Prove that for all real numbers $x\geq 0$ and $y \geq 0$ the following inequalities are true: $$\arctan(x+y)\leq\arctan(x)+\arctan(y) \qquad \tanh(x+y)\leq \tanh(x)+\tanh(y)$$

I tried to use both the addition formula and the geometrical approach, but I couldn't find anything leading me to the solution. Any hint/help is appreciated! Thanks in advance.

• Let $X=\arctan(x), Y=\arctan(y), Z=\arctan(x+y)$. Then, we have, $$x+y=\tan(X)+\tan(Y)=(1+\tan(X)\tan(Y))\tan(X+Y)\geq \tan(X+Y)\\ \implies X+Y\leq\arctan(x+y)~\forall~x,y\geq 0$$ Here, we use the result that $\arctan$ is monotonically increasing on $[0,\infty)$. Can you try the other one now similarly? – Prasun Biswas Aug 21 '17 at 10:47
• Sure thing! Thank you so much, I'll try it out. I'll be glad to give you a few points if you put this as an answer. – Alberto Andrenucci Aug 21 '17 at 10:50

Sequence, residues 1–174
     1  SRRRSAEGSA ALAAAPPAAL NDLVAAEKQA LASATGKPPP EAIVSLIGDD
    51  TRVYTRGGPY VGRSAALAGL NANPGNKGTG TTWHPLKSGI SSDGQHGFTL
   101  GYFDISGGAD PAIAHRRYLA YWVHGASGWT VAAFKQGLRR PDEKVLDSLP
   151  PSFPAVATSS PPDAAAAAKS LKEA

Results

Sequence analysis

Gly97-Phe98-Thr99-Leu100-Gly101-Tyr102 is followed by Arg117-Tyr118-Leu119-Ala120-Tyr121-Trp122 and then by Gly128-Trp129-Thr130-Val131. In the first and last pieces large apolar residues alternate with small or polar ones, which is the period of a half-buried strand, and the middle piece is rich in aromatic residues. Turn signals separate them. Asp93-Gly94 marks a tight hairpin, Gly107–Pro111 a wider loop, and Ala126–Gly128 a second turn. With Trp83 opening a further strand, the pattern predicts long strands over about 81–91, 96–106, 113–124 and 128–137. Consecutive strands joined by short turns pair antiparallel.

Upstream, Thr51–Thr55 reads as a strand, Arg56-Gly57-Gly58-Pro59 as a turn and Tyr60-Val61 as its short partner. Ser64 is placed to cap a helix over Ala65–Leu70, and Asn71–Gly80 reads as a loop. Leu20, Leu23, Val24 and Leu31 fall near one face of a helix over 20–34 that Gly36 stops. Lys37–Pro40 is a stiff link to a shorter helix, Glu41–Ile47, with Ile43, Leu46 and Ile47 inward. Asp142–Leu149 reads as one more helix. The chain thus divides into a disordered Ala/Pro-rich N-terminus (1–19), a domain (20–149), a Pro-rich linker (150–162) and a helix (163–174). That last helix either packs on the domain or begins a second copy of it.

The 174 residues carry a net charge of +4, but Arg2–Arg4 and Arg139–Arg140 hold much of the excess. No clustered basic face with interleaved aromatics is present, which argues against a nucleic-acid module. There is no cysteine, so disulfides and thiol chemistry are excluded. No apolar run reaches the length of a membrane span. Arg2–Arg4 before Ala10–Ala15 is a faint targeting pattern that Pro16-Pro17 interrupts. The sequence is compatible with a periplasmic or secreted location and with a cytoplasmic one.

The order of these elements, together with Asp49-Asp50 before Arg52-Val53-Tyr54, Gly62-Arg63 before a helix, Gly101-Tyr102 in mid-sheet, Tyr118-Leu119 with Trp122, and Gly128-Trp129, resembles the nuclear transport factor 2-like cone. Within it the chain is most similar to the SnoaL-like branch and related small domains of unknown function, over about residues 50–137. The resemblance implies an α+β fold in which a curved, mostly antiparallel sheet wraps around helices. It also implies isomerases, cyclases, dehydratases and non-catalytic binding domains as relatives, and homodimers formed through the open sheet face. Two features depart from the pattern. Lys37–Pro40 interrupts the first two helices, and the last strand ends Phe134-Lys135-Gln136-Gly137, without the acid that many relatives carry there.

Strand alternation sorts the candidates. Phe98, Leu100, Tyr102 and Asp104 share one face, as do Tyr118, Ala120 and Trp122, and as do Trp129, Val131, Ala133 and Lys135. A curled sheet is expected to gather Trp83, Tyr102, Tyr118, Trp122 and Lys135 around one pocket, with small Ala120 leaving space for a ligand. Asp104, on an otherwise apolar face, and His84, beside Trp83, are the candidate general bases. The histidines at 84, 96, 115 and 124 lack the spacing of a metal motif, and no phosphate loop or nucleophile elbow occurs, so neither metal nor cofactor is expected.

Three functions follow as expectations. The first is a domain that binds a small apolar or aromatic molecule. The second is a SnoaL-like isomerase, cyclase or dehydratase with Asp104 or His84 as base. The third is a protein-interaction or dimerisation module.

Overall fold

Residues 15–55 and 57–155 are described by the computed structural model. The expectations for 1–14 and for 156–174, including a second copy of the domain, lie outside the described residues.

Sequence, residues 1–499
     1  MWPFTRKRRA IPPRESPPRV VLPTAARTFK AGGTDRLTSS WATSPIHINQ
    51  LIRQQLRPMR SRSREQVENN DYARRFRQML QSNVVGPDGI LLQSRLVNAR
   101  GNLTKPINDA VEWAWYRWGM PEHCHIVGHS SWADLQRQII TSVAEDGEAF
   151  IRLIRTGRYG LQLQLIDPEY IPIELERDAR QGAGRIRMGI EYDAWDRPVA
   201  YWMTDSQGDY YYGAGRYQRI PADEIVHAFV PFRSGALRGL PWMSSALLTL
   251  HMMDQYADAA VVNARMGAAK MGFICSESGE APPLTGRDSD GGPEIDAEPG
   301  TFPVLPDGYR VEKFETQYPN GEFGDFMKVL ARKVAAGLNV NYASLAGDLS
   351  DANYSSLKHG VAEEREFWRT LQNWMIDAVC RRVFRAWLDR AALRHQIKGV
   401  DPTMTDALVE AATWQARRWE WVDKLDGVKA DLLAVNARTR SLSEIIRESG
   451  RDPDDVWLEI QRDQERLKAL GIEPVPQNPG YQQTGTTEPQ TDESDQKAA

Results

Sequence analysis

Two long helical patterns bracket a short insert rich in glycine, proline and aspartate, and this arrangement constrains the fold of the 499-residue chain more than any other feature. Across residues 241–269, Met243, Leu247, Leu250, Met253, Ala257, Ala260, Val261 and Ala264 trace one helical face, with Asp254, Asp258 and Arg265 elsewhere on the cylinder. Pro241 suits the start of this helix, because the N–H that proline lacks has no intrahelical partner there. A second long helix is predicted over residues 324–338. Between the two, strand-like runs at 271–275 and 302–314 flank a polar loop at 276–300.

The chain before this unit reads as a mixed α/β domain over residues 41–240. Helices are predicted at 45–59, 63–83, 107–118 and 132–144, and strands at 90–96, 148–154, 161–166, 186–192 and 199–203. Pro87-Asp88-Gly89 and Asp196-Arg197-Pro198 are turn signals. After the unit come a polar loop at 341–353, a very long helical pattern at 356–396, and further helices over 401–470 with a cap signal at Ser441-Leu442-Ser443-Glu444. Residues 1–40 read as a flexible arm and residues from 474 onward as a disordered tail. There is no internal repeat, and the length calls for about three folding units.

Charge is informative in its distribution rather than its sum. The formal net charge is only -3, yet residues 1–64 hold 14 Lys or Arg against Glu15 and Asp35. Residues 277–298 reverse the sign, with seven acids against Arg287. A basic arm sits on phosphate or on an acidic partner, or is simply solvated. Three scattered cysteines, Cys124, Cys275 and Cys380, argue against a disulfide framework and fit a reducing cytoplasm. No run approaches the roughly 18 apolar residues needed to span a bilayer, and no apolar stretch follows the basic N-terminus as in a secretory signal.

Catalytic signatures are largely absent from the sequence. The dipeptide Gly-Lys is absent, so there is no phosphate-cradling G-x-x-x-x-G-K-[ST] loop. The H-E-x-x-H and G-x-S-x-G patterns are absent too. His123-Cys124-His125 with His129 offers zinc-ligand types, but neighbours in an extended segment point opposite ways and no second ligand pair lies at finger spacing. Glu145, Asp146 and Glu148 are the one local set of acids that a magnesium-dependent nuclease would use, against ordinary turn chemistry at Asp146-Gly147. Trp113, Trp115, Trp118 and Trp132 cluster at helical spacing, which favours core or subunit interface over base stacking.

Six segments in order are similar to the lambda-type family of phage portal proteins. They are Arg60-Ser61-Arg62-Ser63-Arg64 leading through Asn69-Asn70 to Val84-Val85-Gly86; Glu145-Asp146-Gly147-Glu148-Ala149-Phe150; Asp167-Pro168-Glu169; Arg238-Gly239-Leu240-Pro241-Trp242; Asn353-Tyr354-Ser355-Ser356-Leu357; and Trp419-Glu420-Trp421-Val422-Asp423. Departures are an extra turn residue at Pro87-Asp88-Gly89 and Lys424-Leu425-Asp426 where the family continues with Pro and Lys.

• Typo correction: $$x+y=\tan(X)+\tan(Y)=(1-\tan(X)\tan(Y))\tan(X+Y)\leq \tan(X+Y)\\ \implies \arctan(x+y)\leq X+Y~\forall~x,y\geq 0$$ – Prasun Biswas Aug 21 '17 at 10:55

For fixed $y \ge 0$ consider the function $$h(x) = \arctan(x + y) - \arctan(x) - \arctan(y)$$ Then $h(0) = 0$ and $$h'(x) = \frac{1}{1+(x+y)^2} - \frac{1}{1+x^2} \le 0$$ for $x \ge 0$.
More generally, any concave function $f: [0, \infty) \to \Bbb R$ with $f(0) \ge 0$ is subadditive.